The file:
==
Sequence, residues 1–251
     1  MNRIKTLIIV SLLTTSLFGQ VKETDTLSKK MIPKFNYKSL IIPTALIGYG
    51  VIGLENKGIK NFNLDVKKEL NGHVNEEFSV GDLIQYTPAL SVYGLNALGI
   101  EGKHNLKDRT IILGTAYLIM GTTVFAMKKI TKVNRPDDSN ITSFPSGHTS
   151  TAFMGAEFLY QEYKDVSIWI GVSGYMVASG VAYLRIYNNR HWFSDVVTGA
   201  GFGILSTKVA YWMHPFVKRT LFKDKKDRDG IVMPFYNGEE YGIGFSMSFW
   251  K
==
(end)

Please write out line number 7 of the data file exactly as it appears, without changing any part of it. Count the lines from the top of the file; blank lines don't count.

   251  K